If your casino does decide to change the payback percentage—usually to increase the payoff, rather than decrease it—it again must be approved by regulators. This involves much paperwork and red tape; it’s a difficult process that’s often more trouble than it’s worth.

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  1. Is it better to play a machine with a progressive jackpot or one that has lower paybacks?

It depends upon your objective.

If you want go for the life-changing jackpot—something that will allow you to tell your boss is where he can stick your job—a slot machine with a big progressive jackpot will give you a thrill.

Just remember, the chances of hitting that jackpot are small, to say the least, but it’s exciting to dream about.

If you want a chance to win a little more money than you invested, concentrate on machines that offer lower but more frequent payouts. The way to determine which machines fall into this category is to read the paytable of the games that interest you. Check for multiple payout combinations, and you’re probably in the ballpark.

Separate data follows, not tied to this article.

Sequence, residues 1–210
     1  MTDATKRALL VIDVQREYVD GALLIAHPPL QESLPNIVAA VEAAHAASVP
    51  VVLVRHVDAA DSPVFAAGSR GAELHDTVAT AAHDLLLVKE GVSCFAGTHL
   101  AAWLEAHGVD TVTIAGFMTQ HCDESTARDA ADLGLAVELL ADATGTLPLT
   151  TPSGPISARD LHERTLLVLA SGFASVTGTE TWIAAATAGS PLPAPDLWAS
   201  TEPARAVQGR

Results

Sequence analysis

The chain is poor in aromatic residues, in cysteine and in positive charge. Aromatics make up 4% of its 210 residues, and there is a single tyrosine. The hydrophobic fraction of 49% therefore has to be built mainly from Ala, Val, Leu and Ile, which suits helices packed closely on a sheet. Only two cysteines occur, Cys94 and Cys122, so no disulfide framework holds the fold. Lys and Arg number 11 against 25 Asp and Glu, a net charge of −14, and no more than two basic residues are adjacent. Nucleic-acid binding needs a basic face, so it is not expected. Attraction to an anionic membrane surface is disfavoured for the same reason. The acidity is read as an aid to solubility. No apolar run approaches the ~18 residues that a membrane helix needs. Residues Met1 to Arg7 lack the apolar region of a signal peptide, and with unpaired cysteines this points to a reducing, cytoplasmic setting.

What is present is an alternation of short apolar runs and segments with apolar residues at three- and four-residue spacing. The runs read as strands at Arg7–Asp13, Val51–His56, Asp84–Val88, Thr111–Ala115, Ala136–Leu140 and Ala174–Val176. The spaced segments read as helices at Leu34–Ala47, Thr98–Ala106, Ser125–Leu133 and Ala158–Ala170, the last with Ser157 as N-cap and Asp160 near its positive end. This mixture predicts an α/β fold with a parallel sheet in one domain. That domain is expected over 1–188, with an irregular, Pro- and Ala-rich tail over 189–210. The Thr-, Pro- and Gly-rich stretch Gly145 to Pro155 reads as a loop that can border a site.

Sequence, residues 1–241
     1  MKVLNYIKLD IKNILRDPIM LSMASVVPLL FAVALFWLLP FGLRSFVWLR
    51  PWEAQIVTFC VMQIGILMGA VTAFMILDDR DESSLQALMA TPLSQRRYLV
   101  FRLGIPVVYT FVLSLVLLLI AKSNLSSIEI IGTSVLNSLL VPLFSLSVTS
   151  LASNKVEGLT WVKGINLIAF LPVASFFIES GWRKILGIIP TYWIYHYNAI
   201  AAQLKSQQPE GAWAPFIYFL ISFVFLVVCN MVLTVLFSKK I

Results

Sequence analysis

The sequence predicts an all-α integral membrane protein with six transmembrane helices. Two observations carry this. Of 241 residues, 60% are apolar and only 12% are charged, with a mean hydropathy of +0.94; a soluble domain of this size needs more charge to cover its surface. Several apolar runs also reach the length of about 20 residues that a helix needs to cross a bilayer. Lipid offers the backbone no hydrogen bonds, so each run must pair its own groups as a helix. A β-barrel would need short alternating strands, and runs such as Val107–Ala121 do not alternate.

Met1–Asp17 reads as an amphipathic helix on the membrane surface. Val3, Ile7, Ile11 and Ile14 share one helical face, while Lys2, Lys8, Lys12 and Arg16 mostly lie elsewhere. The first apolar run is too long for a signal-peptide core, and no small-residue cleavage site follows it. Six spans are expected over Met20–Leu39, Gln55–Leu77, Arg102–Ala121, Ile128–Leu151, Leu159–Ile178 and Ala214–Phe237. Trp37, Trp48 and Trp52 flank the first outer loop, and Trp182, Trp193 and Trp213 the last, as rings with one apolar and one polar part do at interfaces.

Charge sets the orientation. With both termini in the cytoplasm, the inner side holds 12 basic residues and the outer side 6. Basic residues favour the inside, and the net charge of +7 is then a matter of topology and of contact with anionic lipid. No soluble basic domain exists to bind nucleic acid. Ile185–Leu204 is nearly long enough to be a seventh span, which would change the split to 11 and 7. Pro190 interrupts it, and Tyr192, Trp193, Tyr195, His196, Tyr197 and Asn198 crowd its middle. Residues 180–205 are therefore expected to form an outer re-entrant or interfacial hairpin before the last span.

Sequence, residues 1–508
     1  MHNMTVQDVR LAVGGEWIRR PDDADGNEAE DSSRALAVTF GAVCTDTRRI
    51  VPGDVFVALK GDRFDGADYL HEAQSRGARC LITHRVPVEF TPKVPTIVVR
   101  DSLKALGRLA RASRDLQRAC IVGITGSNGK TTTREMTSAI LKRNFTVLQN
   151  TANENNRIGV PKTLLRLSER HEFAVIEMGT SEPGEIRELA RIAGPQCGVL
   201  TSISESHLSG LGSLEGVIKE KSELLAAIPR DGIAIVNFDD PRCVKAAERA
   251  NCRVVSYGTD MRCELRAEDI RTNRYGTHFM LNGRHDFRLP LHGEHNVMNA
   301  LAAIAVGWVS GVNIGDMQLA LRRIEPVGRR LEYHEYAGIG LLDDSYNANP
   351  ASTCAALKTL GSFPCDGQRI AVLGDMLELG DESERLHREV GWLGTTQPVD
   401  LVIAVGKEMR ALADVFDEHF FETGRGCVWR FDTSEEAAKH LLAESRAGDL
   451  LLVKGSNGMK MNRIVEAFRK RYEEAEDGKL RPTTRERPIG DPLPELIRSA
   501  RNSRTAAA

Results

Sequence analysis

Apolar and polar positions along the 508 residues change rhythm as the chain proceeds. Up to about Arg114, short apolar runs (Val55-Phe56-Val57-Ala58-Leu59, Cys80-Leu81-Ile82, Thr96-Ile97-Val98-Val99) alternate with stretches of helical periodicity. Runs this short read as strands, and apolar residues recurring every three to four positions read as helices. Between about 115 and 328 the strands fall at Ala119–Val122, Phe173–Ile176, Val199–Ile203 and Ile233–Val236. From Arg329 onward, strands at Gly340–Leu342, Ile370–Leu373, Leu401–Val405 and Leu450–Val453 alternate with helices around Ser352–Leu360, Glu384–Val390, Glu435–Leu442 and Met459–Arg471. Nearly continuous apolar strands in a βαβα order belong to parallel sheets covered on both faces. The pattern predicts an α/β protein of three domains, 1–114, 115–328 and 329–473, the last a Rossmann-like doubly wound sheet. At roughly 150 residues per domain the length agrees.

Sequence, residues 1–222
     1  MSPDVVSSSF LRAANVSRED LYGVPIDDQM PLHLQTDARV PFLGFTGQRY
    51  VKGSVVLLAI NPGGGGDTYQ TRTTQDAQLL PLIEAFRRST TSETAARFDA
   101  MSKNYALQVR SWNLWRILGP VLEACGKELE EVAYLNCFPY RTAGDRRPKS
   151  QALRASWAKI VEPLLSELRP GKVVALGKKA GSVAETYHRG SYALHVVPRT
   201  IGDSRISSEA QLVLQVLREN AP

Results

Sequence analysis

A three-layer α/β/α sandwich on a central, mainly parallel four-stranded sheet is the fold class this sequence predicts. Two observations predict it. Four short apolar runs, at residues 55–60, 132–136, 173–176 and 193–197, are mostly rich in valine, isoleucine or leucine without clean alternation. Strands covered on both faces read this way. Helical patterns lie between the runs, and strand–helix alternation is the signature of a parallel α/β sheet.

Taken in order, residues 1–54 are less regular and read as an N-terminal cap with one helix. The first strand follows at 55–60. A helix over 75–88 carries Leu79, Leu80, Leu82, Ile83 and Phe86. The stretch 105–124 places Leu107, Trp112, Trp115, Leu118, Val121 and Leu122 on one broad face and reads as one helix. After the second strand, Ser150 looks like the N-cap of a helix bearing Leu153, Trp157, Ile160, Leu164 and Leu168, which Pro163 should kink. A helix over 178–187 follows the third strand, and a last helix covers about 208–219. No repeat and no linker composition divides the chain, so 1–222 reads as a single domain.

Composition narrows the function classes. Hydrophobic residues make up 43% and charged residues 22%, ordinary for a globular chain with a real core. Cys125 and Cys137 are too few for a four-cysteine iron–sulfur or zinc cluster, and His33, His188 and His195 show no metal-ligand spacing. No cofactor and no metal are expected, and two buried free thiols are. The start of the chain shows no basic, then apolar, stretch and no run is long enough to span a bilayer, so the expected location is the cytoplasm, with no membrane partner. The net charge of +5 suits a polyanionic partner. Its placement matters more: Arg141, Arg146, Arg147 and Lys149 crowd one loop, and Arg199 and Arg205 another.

In some cases, you can ask the help function of an online casino about the payoffs. The more volatile machines pay back higher jackpots, but you can go long stretches without winning anything. Those with lower payouts give you a little back over time and extend your playing time.

Read the FAQs to see if you can determine which machines are best for you.

Next week, we’ll examine players clubs (and why you should always join), video poker as a choice for skilled players, what happens if you win one of the life-changing jackpots, and other issues.